Examining Stakeholder Perspectives of Human-Seal-Shark Overlap on Cape Cod

Nathan Alexander, Master's Candidate, Tufts Cummings School of Veterinary Medicine Center for Animals and Public Policy 2019

Nathan Alexander NASRC extern 2019

Nathan completed a 10-week internship with NASRC as part of his master’s degree in Animals and Public Policy. He was interested in examining the complexity of the issues surrounding the overlap of humans, seals and sharks in Cape Cod waters. Knowing that opinions on this controversial topic are deeply embedded, Nathan seeks to provide context and understanding to why people feel the way they do and to better inform all those invested in these issues as to what may be the best course of action to take moving forward. He met with and interviewed stakeholders to learn their perspectives and sentiments, as well as engaged with the public to educate about the reality of these topics. His goal is to gauge where opinions are formed and how, and to use this information to synthesize a report that will be used as a tool for steering the conversations in a productive direction for the benefit of all parties.


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Keith M. Hernandez, Louisiana State University; PhD Candidate: June 2016 - Present

Using alternative diet analysis methods for studying gray seal foraging ecology on Cape Cod

Keith M. Hernandez, Louisiana State University, 2016-Present

Doctoral dissertation on the foraging ecology of gray seals 

Keith is currently a doctoral student in the Department of Oceanography and Coastal Sciences at Louisiana State University. He is being supervised by NASRC collaborator Dr. Michael Polito for his research examining the foraging ecology of gray seals using stable isotope and DNA barcoding analyses. The increasing seal population along Cape Cod has reignited concerns about the potential impact seals have on fisheries species, however, previous diet research on gray seals is extremely limited in US waters. Additionally, these studies relied on the identification of prey hard parts from scat samples, which is known to have several limitations. The methods Keith is using are able to circumvent the limitations of hard parts analysis and expand the kinds of questions we can ask about gray seal foraging ecology.

NASRC has been a critical collaborator on Keith’s research since the project began, including providing samples and data, suggesting funding opportunities and facilitating collaborations with other researchers around Cape Cod. Members of the NASRC community are also coauthors on several of the publications he is working on as part of his dissertation.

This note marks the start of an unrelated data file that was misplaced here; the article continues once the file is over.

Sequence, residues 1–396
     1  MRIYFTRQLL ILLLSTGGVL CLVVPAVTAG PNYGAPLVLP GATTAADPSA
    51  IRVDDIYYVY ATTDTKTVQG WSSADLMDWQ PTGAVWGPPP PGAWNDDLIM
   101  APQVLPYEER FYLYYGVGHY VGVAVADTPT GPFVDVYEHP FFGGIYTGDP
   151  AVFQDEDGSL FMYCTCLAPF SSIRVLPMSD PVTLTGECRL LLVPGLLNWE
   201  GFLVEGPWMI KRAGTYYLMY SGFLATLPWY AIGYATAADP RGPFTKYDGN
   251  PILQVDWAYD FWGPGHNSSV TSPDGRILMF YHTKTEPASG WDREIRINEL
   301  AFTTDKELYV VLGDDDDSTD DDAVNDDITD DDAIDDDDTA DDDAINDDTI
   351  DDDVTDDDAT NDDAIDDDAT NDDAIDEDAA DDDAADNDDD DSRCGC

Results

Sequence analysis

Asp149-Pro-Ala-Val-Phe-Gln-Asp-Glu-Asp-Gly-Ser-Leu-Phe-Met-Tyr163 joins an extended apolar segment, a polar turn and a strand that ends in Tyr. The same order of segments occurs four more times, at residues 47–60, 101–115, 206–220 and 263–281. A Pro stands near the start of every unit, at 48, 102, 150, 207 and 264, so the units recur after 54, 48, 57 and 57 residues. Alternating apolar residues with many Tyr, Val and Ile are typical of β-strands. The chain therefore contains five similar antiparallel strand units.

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Gray and Harbor Seal Bycatch and Depredation in New England Sink-Gillnet Fisheries

Laura Sirak, Master's Thesis UNE, Maine USA

Characterizing Seal Depredation and Bycatch in Gulf of Maine Sink Gillnet Fisheries

As seal populations increase, interactions with fisheries are also increasing. Working with fishermen, seal rehabilitators, researchers and managers, Laura's work focused on some of the most pressing fishery/seal issues identified in the region including bycatch and depredation. Through her research, she created a step-by-step protocol to clearly determine seal vs. spiny dogfish depredation. She also characterized age class, seasonal trends and distribution of seal bycatch and quantified trends in depredation in the skate fishery. NASRC worked to connect Laura with commercial fishermen in Chatham, MA and helped with her long commute from Maine to Cape Cod. 

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Lauren presenting her work at the International Society for Marine Mammalogy Conference

A Parasite-Pinniped Fisheries Interaction in the Gulf of Maine

Lauren Bamford, University of New England, Maine USA

Master's Thesis on codworm distribution and the relationship between codworm and seals in the Gulf of Maine